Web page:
New Zealand police announced last week that they are scaling back their search for missing Queen’s alumnus Connor Hayes.
Hayes, who graduated from Queen’s in 2010, travelled to New Zealand from South America alongside his girlfriend Joanna Lam, 24, to help her settle down prior to her new hospital placement in the country.
On Sept. 15, Hayes’ family was informed that his car had been swept off a mountain road in New Zealand, and into a river 80 km below.
On Sept. 19, Lam’s body was recovered, but Hayes’ has yet to be found.
Nearly three weeks later, the family remains hopeful he’ll be found alive.
“The search doesn’t end here, it will keep going on and nobody is giving up yet,” Hayes’ sister, Siobhan, told the Journal.
Hayes, who Siobhan described as “selfless and caring”, is one of four siblings in the family. An avid athlete, Connor dabbled in the Equestrian Club, mixed martial arts and also worked as a soccer supervisor while at Queen’s.
Adventurous yet responsible, Connor travelled to New Zealand to “live the dream,” Siobhan, ArtSci ’13, said her brother told their mother prior to his departure.
“He was the [sibling] who had his life most together,” she said. “He graduated completely debt-free, he paid off everything because he worked through university and was extremely good with his money.
“He fell in love and had this girlfriend that, who knows, someday he might have married.”
Siobhan recalled when she first came to Queen’s, how her brother left a party to find her after getting lost near campus.
“I was scared and I was crying and [he] was having a huge party, and he left the party and left all of his friends to come find me and lead me back to his house,” she said. “He was always so willing to help.”
Hayes, originally from Ottawa, was travelling on a remote portion of Fox Glacier, on the South Island of New Zealand near the village of Haas, when a mudslide swept the couple’s rented van off the windy path.
The riverbed, which had risen six metres the day of the accident, had carried Lam’s body, as well as the vehicle’s gas tank, 50 km down the beach where they were discovered by authorities.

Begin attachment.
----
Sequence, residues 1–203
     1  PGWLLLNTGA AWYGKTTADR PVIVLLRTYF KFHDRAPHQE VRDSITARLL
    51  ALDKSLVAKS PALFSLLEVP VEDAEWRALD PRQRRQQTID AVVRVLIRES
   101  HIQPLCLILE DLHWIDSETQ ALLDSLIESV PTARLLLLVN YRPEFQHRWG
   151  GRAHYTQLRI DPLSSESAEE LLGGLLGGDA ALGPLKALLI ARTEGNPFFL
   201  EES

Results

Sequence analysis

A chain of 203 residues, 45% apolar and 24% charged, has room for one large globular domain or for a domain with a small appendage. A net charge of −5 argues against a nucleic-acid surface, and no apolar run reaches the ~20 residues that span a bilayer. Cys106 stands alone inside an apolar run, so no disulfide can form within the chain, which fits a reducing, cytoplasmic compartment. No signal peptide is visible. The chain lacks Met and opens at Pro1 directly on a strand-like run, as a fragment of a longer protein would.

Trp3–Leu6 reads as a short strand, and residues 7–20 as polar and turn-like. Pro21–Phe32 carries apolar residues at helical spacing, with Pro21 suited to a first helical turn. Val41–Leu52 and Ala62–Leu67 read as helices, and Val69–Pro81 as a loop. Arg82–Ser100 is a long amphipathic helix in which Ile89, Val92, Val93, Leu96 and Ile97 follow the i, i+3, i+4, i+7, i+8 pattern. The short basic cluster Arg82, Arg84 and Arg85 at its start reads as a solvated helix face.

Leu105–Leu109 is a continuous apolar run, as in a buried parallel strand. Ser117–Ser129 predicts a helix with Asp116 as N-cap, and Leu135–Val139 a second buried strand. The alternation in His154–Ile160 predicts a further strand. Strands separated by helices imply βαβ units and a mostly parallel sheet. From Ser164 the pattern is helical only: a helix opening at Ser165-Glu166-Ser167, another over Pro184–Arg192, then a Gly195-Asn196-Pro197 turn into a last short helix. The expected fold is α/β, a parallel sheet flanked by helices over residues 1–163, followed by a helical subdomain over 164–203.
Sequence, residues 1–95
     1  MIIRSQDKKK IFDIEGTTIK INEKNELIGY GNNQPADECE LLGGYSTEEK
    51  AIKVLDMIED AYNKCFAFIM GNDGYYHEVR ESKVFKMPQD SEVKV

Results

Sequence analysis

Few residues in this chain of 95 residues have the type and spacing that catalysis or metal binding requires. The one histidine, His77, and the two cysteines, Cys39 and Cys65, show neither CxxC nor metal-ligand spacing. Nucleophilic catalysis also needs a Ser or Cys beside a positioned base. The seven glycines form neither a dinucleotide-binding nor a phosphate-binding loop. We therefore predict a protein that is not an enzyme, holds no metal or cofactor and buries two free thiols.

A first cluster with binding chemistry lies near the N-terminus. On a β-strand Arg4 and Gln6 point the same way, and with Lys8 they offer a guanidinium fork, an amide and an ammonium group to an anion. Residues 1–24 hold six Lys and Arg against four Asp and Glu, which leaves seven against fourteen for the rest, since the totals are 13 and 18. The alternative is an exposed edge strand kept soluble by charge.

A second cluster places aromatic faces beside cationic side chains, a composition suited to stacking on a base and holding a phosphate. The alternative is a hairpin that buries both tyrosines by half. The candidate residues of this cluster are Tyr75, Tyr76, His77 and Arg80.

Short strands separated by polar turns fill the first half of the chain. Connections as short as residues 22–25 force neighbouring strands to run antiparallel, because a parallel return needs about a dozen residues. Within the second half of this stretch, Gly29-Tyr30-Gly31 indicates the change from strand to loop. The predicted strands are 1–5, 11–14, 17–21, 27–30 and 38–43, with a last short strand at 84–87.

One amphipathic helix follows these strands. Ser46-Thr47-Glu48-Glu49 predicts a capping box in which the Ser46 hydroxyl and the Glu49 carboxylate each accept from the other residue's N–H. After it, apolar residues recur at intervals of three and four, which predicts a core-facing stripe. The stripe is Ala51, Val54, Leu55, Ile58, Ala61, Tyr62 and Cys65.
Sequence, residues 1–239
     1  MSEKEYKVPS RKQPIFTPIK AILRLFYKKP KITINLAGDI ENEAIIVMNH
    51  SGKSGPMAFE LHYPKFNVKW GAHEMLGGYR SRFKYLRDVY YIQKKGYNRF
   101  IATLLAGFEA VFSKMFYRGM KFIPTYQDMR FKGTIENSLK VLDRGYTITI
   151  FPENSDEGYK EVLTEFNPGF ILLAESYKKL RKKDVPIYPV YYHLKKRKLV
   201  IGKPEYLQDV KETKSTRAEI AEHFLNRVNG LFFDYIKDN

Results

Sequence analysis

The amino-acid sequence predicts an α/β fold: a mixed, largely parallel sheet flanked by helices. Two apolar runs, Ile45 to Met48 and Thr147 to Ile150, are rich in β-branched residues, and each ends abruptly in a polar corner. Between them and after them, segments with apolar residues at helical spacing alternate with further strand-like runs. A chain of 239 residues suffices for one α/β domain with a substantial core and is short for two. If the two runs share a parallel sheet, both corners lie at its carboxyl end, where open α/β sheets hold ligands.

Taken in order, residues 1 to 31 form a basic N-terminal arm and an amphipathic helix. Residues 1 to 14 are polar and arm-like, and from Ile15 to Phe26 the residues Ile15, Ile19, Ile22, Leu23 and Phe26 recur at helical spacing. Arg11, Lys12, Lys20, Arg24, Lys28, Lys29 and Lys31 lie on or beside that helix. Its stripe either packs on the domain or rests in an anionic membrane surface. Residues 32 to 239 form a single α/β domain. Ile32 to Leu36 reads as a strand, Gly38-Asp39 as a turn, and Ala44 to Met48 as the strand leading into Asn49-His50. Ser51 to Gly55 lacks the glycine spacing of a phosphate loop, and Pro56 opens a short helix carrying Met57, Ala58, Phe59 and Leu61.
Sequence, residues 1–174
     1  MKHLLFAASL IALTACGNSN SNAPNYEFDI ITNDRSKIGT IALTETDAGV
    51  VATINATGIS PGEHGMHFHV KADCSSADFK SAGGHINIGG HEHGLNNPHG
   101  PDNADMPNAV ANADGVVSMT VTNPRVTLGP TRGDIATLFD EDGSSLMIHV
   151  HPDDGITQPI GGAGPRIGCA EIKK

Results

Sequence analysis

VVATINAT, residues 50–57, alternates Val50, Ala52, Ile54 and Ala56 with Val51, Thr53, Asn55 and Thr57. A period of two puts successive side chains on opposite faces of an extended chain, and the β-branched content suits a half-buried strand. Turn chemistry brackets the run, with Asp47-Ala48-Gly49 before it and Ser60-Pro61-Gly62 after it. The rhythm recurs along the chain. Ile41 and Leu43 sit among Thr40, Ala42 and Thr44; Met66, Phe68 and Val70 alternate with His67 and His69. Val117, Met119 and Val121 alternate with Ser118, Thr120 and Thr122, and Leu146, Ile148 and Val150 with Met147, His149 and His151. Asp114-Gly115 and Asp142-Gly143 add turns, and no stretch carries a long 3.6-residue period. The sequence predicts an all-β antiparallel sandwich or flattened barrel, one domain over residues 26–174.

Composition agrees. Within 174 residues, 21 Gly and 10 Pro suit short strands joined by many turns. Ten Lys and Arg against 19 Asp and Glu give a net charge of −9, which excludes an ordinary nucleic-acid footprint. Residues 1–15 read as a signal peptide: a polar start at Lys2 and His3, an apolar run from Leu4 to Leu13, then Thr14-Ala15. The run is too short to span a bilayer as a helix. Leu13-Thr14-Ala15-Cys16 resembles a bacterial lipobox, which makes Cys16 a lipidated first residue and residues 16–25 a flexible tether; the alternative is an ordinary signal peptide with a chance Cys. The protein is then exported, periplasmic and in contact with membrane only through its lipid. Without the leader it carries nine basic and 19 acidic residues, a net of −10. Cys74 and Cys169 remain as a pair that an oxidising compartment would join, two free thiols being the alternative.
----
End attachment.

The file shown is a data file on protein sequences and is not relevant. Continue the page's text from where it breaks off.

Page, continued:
The search for Hayes, originally determined as a search and rescue, has been reclassified as a search and recover attempt, Siobhan said.
The search, which has utilized ATVs, helicopters, divers, search dogs and horses, has yet to uncover clues as to where his body may be located. Over 50 local residents from Haas, a village of approximately 300 people, continue to rally in search for Hayes.
“Connor is a fighter, but at the same time circumstances are against him,” Siobhan said. “Right now we’re trying to bring him back home one way or another.”
Siobhan, who was on an internship placement in Ghana for Queen’s Project on International Development when the incident occurred, travelled back home to Canada while her father and step-mother travelled to New Zealand in search of the 25 year old.
She said weather conditions in the area have rendered a search attempt too dangerous to yield results.
“Every variety of search form you can imagine has been used … [but], because of the force of the water, their search expanse is huge.”
She added the Hayes family is staying strong, although each of them is dealing with the circumstance differently.
“At least they were together and doing something they loved [when it happened],” she said through tears.
“At least it wasn’t a car accident on the 401 in Toronto. At least he was having the opportunity to do something that he loved with the person that he loved, but obviously it ended too soon.”
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